- Their infamous "butcher cover" for the "Yesterday and Today" album came about from the Beatles' disdain for photo sessions, and also the way Capitol Records in America tended to "butcher" their British LPs in repackaging. (Capitol's producers used to skim tracks off two or three albums, add a stereo mix of their newest single, and issue the results as their "latest album", ignoring the work the Beatles and producer 'George Martin (I)' (qv) had put into crafting the earlier ones.) Protests from fans, parents, and radio DJs over the cover design forced Capitol to change the photo - and soon after, they changed their issuing and packaging policies.
- The Beatles were best known from early on for their stage performances, but they came to dislike performing live, as their popularity increased. They were used to playing whatever music they chose, but had to stick to their own songs to promote record sales. What had been an hour-plus show was cut to 20-30 minutes, not allowing the band their usual interaction or showmanship. Their stage amplifiers were suited to nightclubs and theaters, not the stadiums or amphitheaters public demand required, and it was impossible for the Beatles to hear each other onstage - even without the nonstop screaming from the crowds. (In-house sound systems were rare, primitive, and also lacking in volume.) Higher-powered amplifiers were not yet available. The music suffered under these conditions, and sometimes became a pantomime, with 'Ringo Starr' (qv) playing only every other beat, and the rest of the band trying to just start and end songs at the same time. The backstage atmosphere was usually a rowdy party scene, and lost its appeal over time. After the Beatles stopped touring in 1966, their few live performances were for cameras, and invited audiences. (Their 1969 rooftop show was for whoever could hear them, on the street below, and was their last-ever public performance.).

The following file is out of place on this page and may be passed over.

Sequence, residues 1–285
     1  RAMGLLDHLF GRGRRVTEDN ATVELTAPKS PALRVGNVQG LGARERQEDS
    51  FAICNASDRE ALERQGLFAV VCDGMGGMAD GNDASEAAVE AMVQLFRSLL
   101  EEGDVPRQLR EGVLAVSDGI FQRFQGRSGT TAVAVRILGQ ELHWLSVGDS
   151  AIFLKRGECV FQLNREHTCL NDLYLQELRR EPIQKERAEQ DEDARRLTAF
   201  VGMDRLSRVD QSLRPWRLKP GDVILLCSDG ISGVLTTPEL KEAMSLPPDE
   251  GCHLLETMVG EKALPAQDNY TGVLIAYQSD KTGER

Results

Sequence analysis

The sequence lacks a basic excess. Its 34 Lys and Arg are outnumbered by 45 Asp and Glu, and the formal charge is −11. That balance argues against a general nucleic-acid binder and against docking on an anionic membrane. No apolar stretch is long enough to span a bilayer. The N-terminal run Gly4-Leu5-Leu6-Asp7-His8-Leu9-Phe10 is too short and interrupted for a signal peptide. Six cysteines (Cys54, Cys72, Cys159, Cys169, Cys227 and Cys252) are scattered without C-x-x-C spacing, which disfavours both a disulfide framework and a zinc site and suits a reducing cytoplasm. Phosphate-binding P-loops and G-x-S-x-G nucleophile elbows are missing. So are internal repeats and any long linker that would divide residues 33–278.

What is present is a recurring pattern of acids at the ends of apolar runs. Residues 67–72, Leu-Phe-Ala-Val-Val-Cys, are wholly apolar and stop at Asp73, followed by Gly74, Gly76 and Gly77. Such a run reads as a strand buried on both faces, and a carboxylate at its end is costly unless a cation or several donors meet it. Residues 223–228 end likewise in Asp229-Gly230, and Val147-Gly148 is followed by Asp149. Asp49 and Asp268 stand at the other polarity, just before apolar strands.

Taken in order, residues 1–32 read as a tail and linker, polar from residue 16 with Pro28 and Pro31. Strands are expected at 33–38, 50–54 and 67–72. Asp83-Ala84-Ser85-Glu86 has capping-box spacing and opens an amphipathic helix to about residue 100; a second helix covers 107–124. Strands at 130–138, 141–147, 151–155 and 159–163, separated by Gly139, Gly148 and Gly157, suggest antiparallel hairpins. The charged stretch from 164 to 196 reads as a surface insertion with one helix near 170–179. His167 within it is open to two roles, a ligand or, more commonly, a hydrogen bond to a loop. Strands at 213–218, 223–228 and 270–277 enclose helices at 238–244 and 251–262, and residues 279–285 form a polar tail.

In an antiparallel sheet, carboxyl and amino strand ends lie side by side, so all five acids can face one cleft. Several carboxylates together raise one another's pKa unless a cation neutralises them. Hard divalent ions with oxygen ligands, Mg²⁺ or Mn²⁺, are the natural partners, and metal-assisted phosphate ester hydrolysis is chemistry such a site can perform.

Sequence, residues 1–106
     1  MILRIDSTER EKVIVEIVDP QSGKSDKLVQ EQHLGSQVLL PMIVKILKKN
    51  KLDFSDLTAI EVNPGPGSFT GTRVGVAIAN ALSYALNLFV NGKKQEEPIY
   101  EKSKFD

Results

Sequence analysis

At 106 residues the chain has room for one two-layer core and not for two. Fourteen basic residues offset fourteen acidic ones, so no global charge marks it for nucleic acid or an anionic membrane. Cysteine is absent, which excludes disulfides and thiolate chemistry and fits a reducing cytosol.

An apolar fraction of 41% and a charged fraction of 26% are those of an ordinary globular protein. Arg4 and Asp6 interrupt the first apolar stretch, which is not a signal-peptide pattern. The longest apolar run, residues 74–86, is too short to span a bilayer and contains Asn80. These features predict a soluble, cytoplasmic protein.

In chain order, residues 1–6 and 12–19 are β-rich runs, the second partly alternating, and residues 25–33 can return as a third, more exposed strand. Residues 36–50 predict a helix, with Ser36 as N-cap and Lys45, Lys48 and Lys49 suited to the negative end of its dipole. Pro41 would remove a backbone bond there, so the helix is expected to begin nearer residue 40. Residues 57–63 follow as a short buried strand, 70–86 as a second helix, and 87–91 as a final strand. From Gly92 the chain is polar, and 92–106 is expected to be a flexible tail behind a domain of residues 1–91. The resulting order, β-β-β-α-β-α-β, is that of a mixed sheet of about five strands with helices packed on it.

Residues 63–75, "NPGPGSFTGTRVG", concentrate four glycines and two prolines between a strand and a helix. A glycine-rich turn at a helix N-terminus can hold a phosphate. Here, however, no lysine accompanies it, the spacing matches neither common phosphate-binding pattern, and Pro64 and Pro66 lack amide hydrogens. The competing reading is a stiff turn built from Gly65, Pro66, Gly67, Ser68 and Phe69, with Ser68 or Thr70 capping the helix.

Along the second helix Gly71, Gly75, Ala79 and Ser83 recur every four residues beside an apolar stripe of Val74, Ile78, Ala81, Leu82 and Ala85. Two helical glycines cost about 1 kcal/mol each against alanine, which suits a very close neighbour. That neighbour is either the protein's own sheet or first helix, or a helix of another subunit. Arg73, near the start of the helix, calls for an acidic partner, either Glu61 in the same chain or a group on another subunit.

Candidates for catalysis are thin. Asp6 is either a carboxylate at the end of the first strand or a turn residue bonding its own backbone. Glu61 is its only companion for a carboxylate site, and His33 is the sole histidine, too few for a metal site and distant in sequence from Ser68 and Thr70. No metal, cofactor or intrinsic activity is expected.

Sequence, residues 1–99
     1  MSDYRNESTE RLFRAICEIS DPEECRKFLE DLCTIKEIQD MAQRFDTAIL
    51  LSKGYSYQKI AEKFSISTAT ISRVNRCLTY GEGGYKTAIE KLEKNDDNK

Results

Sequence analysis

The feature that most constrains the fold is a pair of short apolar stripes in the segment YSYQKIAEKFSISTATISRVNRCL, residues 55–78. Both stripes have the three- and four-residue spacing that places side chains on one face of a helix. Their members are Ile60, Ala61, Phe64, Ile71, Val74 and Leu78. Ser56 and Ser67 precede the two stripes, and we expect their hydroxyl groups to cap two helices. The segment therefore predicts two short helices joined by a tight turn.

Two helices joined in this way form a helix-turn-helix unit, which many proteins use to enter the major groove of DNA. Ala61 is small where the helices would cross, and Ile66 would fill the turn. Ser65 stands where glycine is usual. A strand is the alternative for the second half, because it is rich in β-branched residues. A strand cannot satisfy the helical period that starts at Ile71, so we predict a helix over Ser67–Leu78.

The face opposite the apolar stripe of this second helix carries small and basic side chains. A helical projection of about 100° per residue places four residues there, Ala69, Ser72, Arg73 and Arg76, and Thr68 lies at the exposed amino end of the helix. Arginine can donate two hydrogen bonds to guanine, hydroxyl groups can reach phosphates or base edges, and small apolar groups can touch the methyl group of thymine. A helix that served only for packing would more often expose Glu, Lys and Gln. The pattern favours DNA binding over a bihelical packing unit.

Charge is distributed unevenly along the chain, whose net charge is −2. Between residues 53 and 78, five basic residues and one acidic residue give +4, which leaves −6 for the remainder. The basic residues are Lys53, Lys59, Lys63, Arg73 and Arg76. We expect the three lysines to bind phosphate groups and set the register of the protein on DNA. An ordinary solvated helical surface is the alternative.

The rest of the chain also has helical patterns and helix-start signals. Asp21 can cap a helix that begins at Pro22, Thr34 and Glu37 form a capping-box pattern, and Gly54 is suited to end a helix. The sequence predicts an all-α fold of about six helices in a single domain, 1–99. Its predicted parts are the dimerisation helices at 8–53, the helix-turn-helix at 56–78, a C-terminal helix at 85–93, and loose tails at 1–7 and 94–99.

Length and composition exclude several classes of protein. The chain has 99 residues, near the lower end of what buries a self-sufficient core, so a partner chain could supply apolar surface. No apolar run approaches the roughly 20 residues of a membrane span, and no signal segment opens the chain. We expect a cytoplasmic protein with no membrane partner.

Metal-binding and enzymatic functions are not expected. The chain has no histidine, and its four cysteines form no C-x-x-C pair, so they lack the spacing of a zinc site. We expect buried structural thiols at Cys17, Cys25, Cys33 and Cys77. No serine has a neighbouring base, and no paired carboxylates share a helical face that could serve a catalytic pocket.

- Ranked #25 on VH1's 100 Sexiest Artists.
- When "Sgt. Pepper's Lonely Hearts Club Band" was released in 1967, it was the first album to feature printed lyrics of all songs on its sleeve.
- Their initial 1962 recording contract with Parlophone Records in England (a division of EMI) was for a series of singles, at a minimal royalty rate. After "Please Please Me" became a hit, EMI gave them a full five-year contract for singles and albums, and better royalties. 'Brian Epstein (I)' (qv) negotiated a new contract for them in 1967 just before he died; with its basic terms fulfilled by late 1969, 'Allen Klein' (qv) was able to renegotiate with EMI, and got the band the highest royalty rate ever paid to a recording artist or group up to that time - a whopping 69¢ per album. 'John Lennon (I)' (qv) had already effectively quit the Beatles, but agreed to keep mum about it until the deal was complete; 'Paul McCartney' (qv) announced the debut of his first solo album a few months later. The official dissolution of The Beatles was final in 1975.